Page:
Over the last couple of weeks, we’ve been introducing the wonderful pupils at the International School of Beijing (ISB) to the birds of China’s capital city, including a field trip to Hanshiqiao (the wetland where Skybomb Bolt, the Beijing Cuckoo, was fitted with his tag). As part of the classroom based material, Annie He, who is responsible for integrating Chinese culture into the ISB curriculum, created a brilliant document outlining how birds feature in Chinese folklore. With Annie’s kind permission, “Beyond The Legend” is now available to download. I love the story about the magpie’s role in Chinese Valentine’s Day:
“On the evening of the seventh day of the seventh month on the Chinese lunar calendar, don’t forget to look carefully at the summer sky. You’ll find the Cowherd (a bright star in the constellation Aquila, west of the Milky Way) and the Weaving Maid (the star Vega, east of the Milky Way) appear closer together than at any other time of the year. Chinese believe the stars are lovers who are permitted to meet by the queen of Heaven once a year. That day falls on the double seventh (七⼣夕 in Chinese), which is China’s own Valentine’s Day. Most Chinese remember being told a romantic tragedy when they were children on the double seventh. In the legend, the cowherd and the Weaving Maid will meet on a bridge of magpies across the Milky Way once a year. Chinese grannies will remind children that they would not be able to see any magpies on that evening because all the magpies have left to form a bridge in the heavens with their wings.”
I was delighted to receive this email from Wieland Heim, leader of the Amur Birding Project, just up the road.. (it’s a long road).
“Rapidly declining population trends have recently been found for Yellow-breasted BuntingEmberiza aureola and Rustic BuntingE. rustica, but our knowledge about their migration routes and survival rates is still very limited. To address this, a colour-ring study was started at Muraviovka Park in Far East Russia. Volunteers of the Amur Bird Project equipped the first Yellow-breasted Buntings with individual combinations during breeding season in 2015. Happily, three out of seven males safely returned to their breeding grounds in 2016. To compare survival rates among sympatric breeding species, we decided to include Black-faced BuntingE. spodocephala, Chestnut-eared BuntingE. fucata, Common Reed BuntingE. schoeniclus and Japanese Reed BuntingE. yessoensis in our study. During spring and summer 2016, we managed to equip almost 200 buntings with colourful ring combinations at our study site on the Amur river.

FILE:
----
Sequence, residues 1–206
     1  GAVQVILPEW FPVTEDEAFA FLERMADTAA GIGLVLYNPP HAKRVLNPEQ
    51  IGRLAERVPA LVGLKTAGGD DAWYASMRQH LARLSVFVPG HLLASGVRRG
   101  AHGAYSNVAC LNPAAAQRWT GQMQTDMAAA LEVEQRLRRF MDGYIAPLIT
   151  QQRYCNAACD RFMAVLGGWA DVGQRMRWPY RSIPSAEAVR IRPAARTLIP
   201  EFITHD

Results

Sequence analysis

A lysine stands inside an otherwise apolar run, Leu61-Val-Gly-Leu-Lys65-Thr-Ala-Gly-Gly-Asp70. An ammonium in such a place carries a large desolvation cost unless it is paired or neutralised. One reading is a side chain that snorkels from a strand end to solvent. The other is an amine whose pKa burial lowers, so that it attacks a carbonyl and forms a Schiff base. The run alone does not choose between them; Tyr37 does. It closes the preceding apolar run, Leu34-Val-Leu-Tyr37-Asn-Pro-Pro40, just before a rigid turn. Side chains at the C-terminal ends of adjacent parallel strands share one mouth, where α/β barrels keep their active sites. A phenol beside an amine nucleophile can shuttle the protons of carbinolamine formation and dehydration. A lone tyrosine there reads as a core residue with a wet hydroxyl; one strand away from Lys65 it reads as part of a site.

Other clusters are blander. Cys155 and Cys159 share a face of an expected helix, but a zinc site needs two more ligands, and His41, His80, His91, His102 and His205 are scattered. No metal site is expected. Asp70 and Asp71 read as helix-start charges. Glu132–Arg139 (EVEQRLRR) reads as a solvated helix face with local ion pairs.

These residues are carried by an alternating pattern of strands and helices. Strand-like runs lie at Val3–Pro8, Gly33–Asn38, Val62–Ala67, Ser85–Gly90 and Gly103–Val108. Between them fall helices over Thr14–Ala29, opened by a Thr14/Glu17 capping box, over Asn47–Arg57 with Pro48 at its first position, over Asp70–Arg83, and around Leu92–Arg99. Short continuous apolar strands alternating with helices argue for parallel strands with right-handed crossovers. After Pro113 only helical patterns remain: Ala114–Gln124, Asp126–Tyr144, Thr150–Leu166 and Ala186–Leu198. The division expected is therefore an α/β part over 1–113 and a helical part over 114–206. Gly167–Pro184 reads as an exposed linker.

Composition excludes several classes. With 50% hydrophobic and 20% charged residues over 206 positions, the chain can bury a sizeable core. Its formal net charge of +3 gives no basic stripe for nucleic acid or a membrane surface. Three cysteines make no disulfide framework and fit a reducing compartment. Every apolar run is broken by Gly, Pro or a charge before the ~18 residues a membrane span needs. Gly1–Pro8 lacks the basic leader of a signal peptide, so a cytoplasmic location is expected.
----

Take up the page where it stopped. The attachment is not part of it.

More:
Now, migration has begun for most of these species, and our colour-ringed buntings might occur anywhere in East Asia. Please scan all bunting flocks carefully! All birds have one colour-ring above the metal ring of the Moscow ringing centre on one leg, and two colour-rings on the second leg. Used colours are black, blue, green, orange, purple, red, white and yellow. If possible, take pictures of buntings which seem to wear a ring. We had to find out that it can be hard to determine the colour in the field, however it is very easy on the computer screen, even if the photo is anything but perfect.
Please let us know if you come across a colour-ringed bird, and help to shed light on the yet unknown migration routes of this beautiful birds! We will send you in return all information about the bird.”
If you see any, please report information, including date, location and, if possible, a photo to Wieland Heim (amurbirding|at|gmx.de) or via the excellent Amur Birding blog: amurbirding.blogspot.com
Is it a finch? Is it a bunting? The PRZEVALSKI’S ROSEFINCH (Urocynchramus pylzowi) has, at one time or another, been classified as both but now sits in a family of its own. With a limited range in China (Tibet, Qinghai, Sichuan and Gansu Provinces) it’s a sought-after species for any visiting birders.
During our recent visit to Qinghai, Marie and I were lucky enough to encounter two pairs in a valley close to Qinghai Lake. One pair, clearly breeding, brought a selection of insects to feed their young which we were able to capture on video.
The call reminded me very much of the central China race of Long-tailed Rosefinch, lepidus.
This bird was a species we were keen to see during the Qinghai trip and we were very happy to see them so well.
Featured image: Przevalski’s Rosefinch by Marie Louise.
What a week. Only 6 days after an incredible encounter with Pallas’s Cats near Qinghai Lake, I have been so lucky (again!) to spot not one but two SNOW LEOPARDS near Yushu in Qinghai Province.
Two weeks ago I was invited to participate in the “International Nature Watch Festival of the Mekong River“, organised by the local government and the brilliant conservation organisation, 山水 (Shan Shui). The competition involved teams of 4 who would spend 3 days recording as many species as possible of of mammal, bird and plant in Zaduo County, Qinghai Province. Initially I was due to be one of the judges but, on the first morning of the competition, the organisers asked whether I would join a team of two Beijing students – Zhang Chengxin and Liu Garbo – who didn’t have much experience at bird or mammal watching. Of course, I was delighted.
Each team was provided with a vehicle and local driver. Our driver took us to a stunning valley where we began our list with White Eared Pheasant, Himalayan Marmot and the cute-looking Glover’s Pika. As we walked along the valley, we met a local Tibetan family of yak herders who were the only inhabitants of this stunning site. They invited us in for tea and yoghurt (both delicious!) and we spoke about the wild animals they had seen.